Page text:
Blood and Wine is a hefty expansion, boasting over thirty hours of new content. In addition to the main story quest, The Witcher 3’s fantastic approach to side quests continues here. In short, I never had so much fun doing side quests as I did in Blood and Wine, including the base game. These quest ranged from more serious missions like solving the mystery of a haunted abandoned theater, to more comedic offerings like discovering who stole the penis of a famous statue, which had me in stitches throughout.
Other addictions include owning your own vineyard and new mutations to upgrade your skills. Owning your own vineyard is pretty much like owning your own home. You can make additions too, like adding a workbench and decorating your home with stands to display your armor along with an alchemy desk, and paintings to hang up. However, like everything else in the game it just costs way too much to upgrade, though it remains a nice addition nonetheless. Mutations require multiple skill points and high end mutagens to unlock. These mutations range from instantly killing any enemies you knock down using your Ard sign by freezing them, or reviving after being killed (this has a cooldown of course.)
These new mutations are better utilized for those in New Game + mode. The reason for this is simply because the materials required to unlock the new mutations are extremely hard to come by and those who are able to unlock all of them will breeze through the game without much challenge.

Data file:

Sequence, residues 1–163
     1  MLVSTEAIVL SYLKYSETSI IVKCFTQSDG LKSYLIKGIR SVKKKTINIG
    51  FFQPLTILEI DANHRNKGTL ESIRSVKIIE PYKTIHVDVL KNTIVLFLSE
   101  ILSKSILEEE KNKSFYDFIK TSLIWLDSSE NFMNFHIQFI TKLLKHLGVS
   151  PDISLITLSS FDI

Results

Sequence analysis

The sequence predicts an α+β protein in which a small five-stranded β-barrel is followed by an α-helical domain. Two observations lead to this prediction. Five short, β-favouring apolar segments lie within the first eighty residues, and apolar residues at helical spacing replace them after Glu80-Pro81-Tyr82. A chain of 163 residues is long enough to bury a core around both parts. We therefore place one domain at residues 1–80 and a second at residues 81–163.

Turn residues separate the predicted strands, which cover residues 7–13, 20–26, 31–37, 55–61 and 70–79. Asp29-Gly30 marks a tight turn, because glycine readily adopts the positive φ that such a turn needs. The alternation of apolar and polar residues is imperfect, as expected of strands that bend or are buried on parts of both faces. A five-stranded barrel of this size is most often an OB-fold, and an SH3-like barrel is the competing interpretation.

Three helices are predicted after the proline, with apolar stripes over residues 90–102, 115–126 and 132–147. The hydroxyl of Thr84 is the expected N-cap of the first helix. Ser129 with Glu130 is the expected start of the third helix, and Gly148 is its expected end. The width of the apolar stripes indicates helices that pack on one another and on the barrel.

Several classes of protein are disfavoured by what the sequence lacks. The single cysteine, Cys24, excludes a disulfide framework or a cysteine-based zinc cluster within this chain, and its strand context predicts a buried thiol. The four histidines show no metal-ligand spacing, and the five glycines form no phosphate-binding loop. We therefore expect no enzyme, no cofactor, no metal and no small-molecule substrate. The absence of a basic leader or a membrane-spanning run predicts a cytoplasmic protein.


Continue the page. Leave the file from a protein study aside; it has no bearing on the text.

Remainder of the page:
The expansion also includes the long awaited ‘Dyes’ functionality. Yep, you can now dye your armor different colors along with Grandmaster Witcher Gear, which give you special bonuses for having multiple pieces of a certain set. New weapons, and some fancy new armor can also be purchased from vendors. These are great additions but again cost a fortune to craft or even buy. For example, the components to craft the chest piece of the Wolf School can cost up to ten thousand crowns. That’s just one piece; imagine how much it would cost for the whole set. It’s like grinding your ultimate armor in an MMO, which is an extremely time consuming affair.
Although Vampires take center stage, Blood and Wine introduces various other creatures to face in battle. For example, new types of wraith’s haunt cemeteries and abandoned homes, while wild boars and panthers roam the fields searching for prey. Out of all the new additions however, the most annoying of enemies are the giant centipedes and acid spitting, man-eating flowers. These enemies like to bury themselves in the ground and pop out to attack you; they hit pretty hard and require great timing to dodge. As always, it’s a case of learning the correct strategy to beat them that will win you the day.
Outside of the large cost of new equipment I did run into various bugs. There were plenty of times when I would get stuck on things only to find out there was nothing there to get stuck on. Other issues saw me swingingly mindlessly at enemies, only to do zero damage even though my attacks are clearly connecting with my chosen target.
In conclusion, Blood and Wine adds a lot of new content that will keep people hooked from start to finish. Toussaint is a beautiful location to explore with its large open fields and landscapes leave me longing for a photo mode. The new enemies may prove frustrating at times, but will also force you to use your potions and signs in a more strategic way then you probably did before. Blood and Wine’s story sometimes feels like a dark fairy tale in its execution and the awesome fight cinematics are a joy to experience. Did I also mention the amazing final boss fight?